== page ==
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George Floyd's death and civil unrest thrust Jacob Frey into spotlight

First-term Minneapolis Mayor Jacob Frey pledged to "mend wounds" in the city after he was elected.
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After he was elected mayor of Minneapolis in 2017, Jacob Frey pledged "to mend wounds" in a city that's struggled with police brutality for years.

Now his city is being rocked by protests and rioting following the death of George Floyd during an arrest Monday by a Minneapolis police officer, and President Donald Trump is blasting him as a "very weak Radical Left Mayor" who needs "to get his act together and bring the City under control."

Frey defended himself — and his city — to reporters on Friday when the tweet was read to him.

"Weakness is pointing your finger at somebody else during a time of crisis. Donald Trump knows nothing about the strength of Minneapolis. We are strong as hell," Frey said. "Is this a difficult time period? Yes. But you can be damn sure we're going to get through this."

Frey has called for aggressive action in the investigation into Floyd's death and expressed solidarity with the protesters while urging that the demonstrations be peaceful. "We are doing absolutely everything that we can to keep the peace," he said Friday, despite the nationally televised images of chaos in the city from the night before.

Frey praised the police chief's decision to fire the officers involved in Floyd's death on Tuesday and called on Wednesday for the arresting officer, Derek Chauvin, to be charged criminally.

"Why is the man who killed George Floyd not in jail? If you had done it or I had done it, we would be behind bars right now," he told reporters.

"We cannot turn a blind eye. It is on us as leaders to see this for what it is and call it what it is. George Floyd deserves, justice, his family deserves justice, the black community deserves justice and our city deserves justice."

Chauvin, who's white, was charged later Friday with third-degree murder and manslaughter in the killing of Floyd, who's black.

Police reform and racial inequality were two of the linchpins of then-city councilman Frey's mayoral campaign in 2017.

A civil rights lawyer, Frey called for weeding out biased cops while expanding community based policing.

“It’s not just getting rid of the bad, it’s also promoting and championing the good,” he said at one 2017 campaign event attended by the Minnesota Post.

He also called for tightening rules around police body cameras, arguing that an officer’s failure to turn on a body camera should be presumed misconduct, the Minneapolis Star-Tribune reported.

A Virginia native, Frey is a former competitive runner who was a member of Team USA at the Pan-American games in 2007. He finished in fourth place, running the marathon in 2:16:44.

He's said he fell in love with Minneapolis while running the Twin Cities Marathon earlier that year, and moved there after getting his law degree from Villanova in 2009. The marathon was also where he met his now-wife, Michelle, according to his campaign biography.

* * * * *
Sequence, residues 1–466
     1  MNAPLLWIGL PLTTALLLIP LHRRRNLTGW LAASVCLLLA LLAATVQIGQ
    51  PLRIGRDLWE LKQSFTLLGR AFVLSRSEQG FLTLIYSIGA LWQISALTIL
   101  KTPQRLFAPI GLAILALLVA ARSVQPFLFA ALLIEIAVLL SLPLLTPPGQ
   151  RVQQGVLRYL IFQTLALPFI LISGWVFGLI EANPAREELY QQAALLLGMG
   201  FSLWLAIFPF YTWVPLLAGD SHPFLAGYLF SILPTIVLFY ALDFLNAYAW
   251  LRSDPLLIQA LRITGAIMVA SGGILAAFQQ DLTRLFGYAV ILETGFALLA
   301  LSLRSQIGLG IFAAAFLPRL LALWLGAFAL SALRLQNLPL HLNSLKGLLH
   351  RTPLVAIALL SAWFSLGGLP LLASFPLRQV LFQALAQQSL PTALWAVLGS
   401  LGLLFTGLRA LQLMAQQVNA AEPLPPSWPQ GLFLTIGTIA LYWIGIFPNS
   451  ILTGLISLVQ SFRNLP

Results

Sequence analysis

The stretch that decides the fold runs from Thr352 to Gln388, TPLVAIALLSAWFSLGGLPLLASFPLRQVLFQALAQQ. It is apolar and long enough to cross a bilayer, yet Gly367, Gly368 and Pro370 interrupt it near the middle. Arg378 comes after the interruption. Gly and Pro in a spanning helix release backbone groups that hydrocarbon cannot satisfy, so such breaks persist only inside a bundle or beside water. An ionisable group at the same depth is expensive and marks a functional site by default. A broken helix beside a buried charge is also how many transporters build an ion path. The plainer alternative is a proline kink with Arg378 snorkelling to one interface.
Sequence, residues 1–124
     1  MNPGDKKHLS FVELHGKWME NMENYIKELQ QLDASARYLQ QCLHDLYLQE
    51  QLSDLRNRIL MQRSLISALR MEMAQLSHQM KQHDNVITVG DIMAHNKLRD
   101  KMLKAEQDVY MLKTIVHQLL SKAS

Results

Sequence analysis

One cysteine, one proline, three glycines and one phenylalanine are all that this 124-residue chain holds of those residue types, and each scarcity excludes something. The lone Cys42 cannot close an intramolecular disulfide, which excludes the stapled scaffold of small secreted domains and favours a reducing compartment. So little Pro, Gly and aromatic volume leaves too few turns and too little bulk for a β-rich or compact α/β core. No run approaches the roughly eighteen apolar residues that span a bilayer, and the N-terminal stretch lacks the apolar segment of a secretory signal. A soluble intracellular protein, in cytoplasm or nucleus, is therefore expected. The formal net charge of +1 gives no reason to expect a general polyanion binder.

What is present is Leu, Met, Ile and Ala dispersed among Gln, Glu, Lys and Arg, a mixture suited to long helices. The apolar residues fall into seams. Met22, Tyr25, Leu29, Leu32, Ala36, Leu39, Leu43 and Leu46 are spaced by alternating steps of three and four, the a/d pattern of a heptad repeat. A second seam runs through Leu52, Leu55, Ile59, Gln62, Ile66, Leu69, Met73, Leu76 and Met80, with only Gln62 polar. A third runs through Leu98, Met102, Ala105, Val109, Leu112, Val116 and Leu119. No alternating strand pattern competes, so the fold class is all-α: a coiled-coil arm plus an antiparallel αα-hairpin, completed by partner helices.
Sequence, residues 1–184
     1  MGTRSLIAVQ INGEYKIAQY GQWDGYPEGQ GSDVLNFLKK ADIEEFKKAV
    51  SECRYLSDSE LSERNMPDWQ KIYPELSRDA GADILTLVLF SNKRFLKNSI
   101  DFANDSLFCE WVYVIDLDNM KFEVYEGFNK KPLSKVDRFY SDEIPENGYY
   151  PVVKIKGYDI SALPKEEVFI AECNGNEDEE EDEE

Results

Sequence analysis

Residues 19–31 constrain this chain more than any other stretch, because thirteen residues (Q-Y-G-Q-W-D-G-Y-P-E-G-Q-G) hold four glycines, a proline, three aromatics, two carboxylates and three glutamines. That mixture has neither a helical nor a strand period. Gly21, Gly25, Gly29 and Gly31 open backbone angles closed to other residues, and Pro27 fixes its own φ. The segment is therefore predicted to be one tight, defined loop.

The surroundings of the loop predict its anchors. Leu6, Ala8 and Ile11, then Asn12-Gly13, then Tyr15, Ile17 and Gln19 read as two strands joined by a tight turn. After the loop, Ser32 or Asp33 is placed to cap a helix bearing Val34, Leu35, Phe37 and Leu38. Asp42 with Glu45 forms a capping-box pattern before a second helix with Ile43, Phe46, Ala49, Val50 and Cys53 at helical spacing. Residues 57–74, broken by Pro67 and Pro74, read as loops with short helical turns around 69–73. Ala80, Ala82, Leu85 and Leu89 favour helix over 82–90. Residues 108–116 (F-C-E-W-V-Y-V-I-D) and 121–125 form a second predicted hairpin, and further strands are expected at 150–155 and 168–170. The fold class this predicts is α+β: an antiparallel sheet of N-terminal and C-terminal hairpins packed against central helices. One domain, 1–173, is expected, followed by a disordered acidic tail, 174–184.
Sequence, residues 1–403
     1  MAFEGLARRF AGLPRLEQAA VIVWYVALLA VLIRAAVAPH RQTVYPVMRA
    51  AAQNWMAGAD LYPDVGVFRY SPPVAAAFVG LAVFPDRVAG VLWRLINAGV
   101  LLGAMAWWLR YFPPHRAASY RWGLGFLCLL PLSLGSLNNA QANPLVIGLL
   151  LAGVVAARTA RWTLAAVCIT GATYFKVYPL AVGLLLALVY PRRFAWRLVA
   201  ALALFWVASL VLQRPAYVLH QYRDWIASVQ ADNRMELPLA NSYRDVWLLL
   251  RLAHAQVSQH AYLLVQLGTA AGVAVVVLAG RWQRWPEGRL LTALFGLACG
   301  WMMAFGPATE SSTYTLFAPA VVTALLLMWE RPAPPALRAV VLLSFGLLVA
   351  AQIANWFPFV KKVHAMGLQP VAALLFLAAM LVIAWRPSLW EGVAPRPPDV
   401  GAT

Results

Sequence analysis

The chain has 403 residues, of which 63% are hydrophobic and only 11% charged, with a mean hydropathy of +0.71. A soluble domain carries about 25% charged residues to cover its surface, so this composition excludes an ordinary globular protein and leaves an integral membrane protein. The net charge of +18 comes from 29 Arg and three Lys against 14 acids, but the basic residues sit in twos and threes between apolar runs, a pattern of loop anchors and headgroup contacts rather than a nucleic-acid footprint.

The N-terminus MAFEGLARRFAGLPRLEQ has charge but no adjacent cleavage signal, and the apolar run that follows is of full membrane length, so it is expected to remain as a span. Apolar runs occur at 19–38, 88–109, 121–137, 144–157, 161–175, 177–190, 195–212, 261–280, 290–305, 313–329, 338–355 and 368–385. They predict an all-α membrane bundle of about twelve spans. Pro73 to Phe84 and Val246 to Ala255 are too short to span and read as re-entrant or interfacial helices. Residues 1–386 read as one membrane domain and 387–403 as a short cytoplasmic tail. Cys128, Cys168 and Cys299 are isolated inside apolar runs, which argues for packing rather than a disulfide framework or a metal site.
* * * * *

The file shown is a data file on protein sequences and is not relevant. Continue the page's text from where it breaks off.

After an unsuccessful campaign for the state Senate in 2011, Frey was elected to the city council as a member of the Democratic-Farmer-Labor party in 2013.

He took on incumbent Mayor Betsy Hodges and 14 other candidates in his 2017 bid for City Hall, and reportedly knocked on thousands of doors while holding himself as the hardest working candidate in the race.

“We are a divided city in many respects, and the first item of business is to mend wounds, unite around shared goals and create a collective recognition that a deviation in strategy doesn’t mean a difference in morals,” he said after he was declared the winner in the high-turnout race, the Star-Tribune reported.

He's the city's second Jewish mayor and, then 36 years old, the second youngest to be elected mayor.

His progressive positions on law enforcement have put him at odds with the city's police union since he took office in 2018, including his decision that squad cars display placards detailing immigrants’ rights in English and Spanish. The police union head called the installation of the“Know-Your-ICE-Rights” placards "simply insane."

Frey also backed a measure to stop off-duty police officers from wearing their uniforms at political events, which the union suggested was an anti-Trump measure. Both Frey and the city's police chief, Medaria Arradondo, denied that was the case.

"The Minneapolis Police Department is neither an ideological or political entity. It's not Democrat. It's not Republican. And we want people to understand that this is a neutral department," Frey told reporters.

In late 2018, Frey also backed the removal of a police inspector in charge of a precinct where a Christmas tree with racist ornaments was on display. The ornaments included a pack of Newport cigarettes and alcoholic beverage cans.

"This behavior is racist, despicable, and is well beneath the standards of any person who serves the city of Minneapolis," Frey said. "Shifting the culture of the police department requires swift and decisive action."

The mayor has been very critical of the president, including ahead of an October 2019 rally in Minneapolis.

“While there is no legal mechanism to prevent the president from visiting, his message of hatred will never be welcome in Minneapolis,” Frey said then.

CORRECTION (May 29, 2020, 8:05 p.m.): An earlier version of this article misstated the year when Minneapolis Mayor Jacob Frey was elected. It was 2017, not 2018.